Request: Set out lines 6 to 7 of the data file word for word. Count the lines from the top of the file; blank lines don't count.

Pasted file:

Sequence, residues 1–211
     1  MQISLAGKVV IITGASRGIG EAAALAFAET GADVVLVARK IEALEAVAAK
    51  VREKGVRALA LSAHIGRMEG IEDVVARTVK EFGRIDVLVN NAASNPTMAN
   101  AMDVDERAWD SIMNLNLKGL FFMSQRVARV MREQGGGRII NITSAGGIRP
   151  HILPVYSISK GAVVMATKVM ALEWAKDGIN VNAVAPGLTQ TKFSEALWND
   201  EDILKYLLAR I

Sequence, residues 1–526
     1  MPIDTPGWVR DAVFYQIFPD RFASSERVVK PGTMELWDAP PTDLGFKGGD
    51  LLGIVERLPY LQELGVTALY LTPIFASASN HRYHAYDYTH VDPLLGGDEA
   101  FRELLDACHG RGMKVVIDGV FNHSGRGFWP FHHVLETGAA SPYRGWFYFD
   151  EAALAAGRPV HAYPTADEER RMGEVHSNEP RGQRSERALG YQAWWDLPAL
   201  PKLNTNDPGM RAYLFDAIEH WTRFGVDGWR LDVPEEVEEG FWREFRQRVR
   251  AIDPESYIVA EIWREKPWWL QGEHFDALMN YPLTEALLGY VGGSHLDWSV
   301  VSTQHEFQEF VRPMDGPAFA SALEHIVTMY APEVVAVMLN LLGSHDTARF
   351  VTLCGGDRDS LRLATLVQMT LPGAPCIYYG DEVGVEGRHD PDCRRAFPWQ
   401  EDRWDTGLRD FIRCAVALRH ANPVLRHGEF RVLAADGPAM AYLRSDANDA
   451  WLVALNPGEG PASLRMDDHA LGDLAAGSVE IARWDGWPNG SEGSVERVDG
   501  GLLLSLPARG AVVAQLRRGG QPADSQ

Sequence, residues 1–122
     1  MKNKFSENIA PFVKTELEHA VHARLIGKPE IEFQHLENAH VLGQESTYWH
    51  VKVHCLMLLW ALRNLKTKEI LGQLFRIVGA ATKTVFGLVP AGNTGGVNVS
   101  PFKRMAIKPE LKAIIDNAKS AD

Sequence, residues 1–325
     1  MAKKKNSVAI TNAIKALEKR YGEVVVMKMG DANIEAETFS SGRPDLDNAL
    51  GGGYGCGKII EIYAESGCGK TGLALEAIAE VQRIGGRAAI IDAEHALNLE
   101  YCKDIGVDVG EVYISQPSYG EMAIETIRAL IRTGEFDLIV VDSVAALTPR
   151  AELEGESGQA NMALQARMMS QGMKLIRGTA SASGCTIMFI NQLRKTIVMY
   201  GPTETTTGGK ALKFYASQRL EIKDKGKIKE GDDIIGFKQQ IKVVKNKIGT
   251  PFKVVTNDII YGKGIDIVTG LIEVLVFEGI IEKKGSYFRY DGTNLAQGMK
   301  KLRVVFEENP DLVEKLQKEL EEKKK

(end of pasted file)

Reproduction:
   201  EDILKYLLAR I

Sequence, residues 1–526